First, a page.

The Senate Judiciary Committee is holding hearings this week on legal issues related to campus free speech. On Tuesday, the panel delved into incidents that took place at the University of California, Berkeley—where students have lit fires and ravaged their own campus in order to avoid hearing from right-leaning speakers like Ann Coulter and Milo Yiannopoulos.
Sen. Dianne Feinstein, who hails from California where the worst incidents have happened, seemed unable to fully grasp the idea that there is no “heckler’s veto” on speech.
“No matter how radical, offensive, biased, prejudiced, fascist the program is, you should find a way to accommodate it?” Feinstein asked those called to testify. They included several First Amendment scholars and students who had been muzzled by their own colleges for inviting “controversial” speakers.
Feinstein went on to suggest that it was nearly impossible to expect students to embrace a full, diverse spectrum of opinion, and handle their disagreements like the mature, educated adults they are.
“No matter who comes, no matter what disturbance, the university has to be prepared to handle it. It’s the problem for the university,” she went on. “You’re making the argument that a speaker that might fulminate a big problem should never be refused.”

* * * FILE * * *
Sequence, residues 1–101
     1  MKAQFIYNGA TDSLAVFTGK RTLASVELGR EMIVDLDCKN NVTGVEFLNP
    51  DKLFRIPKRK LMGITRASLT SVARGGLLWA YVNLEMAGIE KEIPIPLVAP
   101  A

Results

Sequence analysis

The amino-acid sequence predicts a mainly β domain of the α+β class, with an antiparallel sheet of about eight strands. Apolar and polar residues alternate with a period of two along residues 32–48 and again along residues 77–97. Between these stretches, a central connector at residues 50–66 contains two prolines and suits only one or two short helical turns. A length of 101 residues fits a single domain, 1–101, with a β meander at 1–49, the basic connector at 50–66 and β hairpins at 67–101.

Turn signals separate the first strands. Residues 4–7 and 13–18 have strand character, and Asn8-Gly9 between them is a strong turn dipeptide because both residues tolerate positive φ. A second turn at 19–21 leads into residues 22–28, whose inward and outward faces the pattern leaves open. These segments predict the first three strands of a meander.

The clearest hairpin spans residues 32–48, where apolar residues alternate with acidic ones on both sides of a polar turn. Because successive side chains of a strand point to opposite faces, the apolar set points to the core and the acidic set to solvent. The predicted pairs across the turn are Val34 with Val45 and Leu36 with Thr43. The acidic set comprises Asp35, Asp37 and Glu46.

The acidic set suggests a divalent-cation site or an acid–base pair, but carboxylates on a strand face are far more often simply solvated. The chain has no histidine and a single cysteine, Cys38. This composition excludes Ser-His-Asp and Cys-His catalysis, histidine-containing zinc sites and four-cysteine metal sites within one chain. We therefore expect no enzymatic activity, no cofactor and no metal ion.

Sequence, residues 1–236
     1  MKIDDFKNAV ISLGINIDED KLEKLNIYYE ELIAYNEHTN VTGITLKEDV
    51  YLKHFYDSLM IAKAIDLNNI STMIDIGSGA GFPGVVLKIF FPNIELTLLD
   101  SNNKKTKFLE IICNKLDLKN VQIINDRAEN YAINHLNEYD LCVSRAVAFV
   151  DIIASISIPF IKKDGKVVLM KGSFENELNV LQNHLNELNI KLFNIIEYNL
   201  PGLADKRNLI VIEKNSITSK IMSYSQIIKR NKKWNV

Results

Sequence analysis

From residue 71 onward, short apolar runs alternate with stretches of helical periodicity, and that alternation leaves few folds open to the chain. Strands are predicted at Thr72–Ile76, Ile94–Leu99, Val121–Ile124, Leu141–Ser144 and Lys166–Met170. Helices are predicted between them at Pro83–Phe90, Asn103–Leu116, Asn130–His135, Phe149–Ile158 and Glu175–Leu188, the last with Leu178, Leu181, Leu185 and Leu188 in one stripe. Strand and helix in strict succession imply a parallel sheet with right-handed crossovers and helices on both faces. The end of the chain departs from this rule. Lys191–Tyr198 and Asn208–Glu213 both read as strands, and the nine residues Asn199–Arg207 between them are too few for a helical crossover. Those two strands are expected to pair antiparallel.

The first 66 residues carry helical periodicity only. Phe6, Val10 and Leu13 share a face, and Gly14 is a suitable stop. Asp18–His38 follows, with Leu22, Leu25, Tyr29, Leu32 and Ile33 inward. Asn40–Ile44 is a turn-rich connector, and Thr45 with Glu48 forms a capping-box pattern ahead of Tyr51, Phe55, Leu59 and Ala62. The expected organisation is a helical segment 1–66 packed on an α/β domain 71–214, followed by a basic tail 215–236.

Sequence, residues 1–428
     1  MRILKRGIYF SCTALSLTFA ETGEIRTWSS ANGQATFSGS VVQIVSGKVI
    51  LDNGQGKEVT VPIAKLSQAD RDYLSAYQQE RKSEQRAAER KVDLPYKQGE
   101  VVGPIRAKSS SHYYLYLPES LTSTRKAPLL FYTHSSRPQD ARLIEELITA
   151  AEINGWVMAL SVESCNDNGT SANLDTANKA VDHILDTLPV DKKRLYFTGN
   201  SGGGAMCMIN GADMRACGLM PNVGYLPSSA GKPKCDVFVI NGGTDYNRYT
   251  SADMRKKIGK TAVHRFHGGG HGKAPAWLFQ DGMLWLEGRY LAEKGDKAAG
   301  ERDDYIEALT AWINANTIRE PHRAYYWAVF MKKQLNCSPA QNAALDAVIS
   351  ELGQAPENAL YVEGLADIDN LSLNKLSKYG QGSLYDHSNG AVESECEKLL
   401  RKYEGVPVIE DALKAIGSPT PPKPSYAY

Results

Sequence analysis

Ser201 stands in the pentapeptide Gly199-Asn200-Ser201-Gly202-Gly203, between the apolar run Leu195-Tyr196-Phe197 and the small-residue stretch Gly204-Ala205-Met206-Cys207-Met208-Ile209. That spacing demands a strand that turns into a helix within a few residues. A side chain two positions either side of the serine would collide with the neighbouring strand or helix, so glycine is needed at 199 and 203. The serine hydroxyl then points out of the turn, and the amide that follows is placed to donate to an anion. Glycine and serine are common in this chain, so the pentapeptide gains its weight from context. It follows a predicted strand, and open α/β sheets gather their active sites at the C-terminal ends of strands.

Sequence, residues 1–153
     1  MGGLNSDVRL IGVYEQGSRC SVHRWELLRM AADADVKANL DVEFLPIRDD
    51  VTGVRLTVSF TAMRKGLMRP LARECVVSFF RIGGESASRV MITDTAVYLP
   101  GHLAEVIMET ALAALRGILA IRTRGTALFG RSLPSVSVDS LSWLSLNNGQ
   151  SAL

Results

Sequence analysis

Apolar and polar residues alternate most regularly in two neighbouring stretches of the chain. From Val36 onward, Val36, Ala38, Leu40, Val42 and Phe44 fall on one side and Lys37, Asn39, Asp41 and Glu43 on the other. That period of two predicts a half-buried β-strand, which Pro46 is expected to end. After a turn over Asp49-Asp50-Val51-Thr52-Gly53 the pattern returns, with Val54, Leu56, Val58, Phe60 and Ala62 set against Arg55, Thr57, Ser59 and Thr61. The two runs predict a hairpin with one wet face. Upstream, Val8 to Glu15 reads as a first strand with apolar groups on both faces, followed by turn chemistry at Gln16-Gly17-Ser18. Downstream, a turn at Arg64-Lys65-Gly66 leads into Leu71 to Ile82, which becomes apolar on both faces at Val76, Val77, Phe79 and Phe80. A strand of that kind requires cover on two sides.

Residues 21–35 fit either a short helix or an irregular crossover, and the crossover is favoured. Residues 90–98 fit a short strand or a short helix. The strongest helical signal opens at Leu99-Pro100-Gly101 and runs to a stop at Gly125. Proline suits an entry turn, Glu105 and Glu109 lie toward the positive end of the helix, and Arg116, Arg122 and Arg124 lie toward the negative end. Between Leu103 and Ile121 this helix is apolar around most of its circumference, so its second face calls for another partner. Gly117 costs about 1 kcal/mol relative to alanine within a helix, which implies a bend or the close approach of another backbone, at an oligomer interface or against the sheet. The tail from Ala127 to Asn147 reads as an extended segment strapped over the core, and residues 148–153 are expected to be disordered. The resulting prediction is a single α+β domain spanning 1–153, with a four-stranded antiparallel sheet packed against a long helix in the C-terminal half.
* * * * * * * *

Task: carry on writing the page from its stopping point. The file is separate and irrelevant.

She claimed that a university could stop a conservative speaker from taking the stage just to protect students’ “general welfare.”
“I think particularly in view of the divisions within this nation at this time which are extraordinary from my experience, I think we all have to protect the general welfare too. And I appreciate free speech but it’s another thing to agitate, it’s another thing to foment, and it’s another thing to attack.”
Constitutional scholar and law professor Eugene Volokh, was forced to explain, slowly and in terms Feinstein could understand, that it’s the government’s responsibility to protect Constitutional guarantees of free speech. A simple difference of ideas is not “fomenting” an attack—students have a choice on how to behave.
If they can’t control themselves, and serious measures are required, the problem is endemic—and it’s not the speakers’ problem.
“If we are in a position where our police departments are unable to protect free speech, whether it’s universities or otherwise, then yes, indeed, we are in a very bad position,” Volokh told Feinstein.
He went on to lecture Feinstein that First Amendment considerations should be paramount, correcting her idea that a university can step in to stop a speaker merely to protect the student body from unrest.
The potential for violence, Volokh said, “cannot be enough to justify suppression of those they tried to suppress.”